I grew up in Pablo Escobar’s Colombia. Here’s what it was really like.
by Bernardo Aparicio García
The night of the car bomb, my dad called home from his cell phone as he finished his rounds of the family’s bakeries. It was a nightly ritual, braving rush hour in his little silver Mazda to collect the day’s cash from each location. In early ‘90s Colombia, cash did not sit in registers a minute longer than it had to.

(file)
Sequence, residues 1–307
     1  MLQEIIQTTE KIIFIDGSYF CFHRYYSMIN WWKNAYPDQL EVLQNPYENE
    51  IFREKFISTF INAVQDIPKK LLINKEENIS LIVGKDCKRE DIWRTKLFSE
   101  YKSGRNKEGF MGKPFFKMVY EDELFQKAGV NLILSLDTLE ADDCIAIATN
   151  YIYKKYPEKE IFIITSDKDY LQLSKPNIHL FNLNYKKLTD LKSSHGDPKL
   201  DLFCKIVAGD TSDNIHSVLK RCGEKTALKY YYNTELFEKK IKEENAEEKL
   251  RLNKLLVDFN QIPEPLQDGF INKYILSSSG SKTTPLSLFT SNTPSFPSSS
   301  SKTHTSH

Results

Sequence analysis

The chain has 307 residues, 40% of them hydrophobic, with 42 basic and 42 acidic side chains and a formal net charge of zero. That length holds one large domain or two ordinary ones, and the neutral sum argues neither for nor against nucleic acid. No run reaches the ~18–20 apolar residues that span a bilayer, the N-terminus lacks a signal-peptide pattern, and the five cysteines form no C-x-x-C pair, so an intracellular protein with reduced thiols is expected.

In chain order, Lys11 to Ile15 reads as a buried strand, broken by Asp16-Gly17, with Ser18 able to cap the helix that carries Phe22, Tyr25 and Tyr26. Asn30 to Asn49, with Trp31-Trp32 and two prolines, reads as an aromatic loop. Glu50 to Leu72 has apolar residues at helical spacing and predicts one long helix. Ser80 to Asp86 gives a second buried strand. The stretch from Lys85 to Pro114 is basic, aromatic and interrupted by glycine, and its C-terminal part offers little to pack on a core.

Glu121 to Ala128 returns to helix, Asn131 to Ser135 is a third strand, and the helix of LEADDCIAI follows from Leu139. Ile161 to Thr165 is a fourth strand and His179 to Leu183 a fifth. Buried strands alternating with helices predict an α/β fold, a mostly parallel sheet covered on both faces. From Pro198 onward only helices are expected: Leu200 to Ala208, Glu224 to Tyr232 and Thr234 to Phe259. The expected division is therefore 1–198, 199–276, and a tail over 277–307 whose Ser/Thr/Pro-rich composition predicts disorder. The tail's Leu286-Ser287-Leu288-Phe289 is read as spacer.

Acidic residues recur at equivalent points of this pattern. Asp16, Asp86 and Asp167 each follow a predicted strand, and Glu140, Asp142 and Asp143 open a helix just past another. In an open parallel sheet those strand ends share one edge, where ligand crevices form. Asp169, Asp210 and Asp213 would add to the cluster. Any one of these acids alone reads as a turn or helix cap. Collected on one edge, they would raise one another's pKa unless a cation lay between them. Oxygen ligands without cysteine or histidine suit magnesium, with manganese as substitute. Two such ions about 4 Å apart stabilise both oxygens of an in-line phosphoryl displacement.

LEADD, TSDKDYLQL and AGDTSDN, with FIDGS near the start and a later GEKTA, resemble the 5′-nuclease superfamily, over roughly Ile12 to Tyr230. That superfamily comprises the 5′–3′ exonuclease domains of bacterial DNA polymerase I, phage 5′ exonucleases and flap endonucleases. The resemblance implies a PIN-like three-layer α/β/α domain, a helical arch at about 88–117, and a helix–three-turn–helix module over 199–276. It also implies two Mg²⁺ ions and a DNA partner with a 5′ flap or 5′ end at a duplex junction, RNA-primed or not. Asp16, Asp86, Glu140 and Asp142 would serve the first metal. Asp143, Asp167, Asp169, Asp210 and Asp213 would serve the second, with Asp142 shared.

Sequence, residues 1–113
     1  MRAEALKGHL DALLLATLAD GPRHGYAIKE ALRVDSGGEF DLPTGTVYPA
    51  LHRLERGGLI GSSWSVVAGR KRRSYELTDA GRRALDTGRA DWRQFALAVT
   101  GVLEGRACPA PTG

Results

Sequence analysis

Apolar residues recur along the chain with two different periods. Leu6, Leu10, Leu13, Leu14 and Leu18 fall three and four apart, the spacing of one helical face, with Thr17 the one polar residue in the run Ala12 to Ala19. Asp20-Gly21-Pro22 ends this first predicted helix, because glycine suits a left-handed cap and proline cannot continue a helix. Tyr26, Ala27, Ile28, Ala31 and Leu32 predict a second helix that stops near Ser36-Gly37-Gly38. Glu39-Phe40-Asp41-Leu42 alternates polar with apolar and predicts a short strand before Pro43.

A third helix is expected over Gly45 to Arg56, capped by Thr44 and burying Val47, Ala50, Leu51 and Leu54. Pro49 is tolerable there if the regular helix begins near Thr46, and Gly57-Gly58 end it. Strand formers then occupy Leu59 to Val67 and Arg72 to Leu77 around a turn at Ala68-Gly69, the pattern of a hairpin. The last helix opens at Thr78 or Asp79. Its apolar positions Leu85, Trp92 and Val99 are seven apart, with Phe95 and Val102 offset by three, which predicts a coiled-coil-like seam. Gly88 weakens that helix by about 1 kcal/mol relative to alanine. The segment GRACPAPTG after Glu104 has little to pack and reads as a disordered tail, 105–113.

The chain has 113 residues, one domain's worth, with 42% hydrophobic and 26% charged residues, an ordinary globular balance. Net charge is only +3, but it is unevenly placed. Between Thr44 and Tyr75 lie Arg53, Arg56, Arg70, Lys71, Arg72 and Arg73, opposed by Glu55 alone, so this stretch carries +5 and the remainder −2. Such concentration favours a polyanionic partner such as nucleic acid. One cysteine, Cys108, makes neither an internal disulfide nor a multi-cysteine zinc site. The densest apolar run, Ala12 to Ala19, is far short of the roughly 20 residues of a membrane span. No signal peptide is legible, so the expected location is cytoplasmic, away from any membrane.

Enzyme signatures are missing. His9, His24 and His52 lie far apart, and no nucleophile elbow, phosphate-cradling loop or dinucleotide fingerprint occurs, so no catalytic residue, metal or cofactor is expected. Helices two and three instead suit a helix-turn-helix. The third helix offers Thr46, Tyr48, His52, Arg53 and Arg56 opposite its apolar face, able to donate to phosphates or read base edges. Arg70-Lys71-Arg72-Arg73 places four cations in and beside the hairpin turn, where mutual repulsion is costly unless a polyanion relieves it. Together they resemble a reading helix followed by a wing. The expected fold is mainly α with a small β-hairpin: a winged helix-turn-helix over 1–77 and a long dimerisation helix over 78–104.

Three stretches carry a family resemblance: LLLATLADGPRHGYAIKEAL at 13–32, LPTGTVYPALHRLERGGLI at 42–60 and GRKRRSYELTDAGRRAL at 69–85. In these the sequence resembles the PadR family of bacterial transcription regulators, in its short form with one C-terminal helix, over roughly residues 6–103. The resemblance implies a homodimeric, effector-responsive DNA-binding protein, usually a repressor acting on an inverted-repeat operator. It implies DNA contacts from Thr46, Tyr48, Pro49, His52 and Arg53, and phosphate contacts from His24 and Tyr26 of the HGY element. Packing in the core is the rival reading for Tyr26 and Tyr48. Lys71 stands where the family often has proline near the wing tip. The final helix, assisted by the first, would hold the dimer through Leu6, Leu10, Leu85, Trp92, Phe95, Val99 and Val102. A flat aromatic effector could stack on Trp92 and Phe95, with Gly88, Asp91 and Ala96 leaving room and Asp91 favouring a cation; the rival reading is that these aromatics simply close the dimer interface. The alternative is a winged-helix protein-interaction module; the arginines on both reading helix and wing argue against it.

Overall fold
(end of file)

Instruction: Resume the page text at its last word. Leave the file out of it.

“Almost done here,” he told my mom. “I’m stopping by the store at Imbanaco next, and then heading home. If you want any food, call the store now so they can bring it out to the car when I arrive.” As on every other evening, my mom called the bakery and ordered some bread and milk for breakfast. She began preparing a light dinner, knowing my dad would be home in half an hour.
When nearly an hour had passed and he had not arrived, my mom called, not without a twinge of annoyance, to find out the cause of the holdup. There was no answer. Our phone rang a few minutes later, but it was my uncle Chalo at the other end.
Read the Remainder at Vox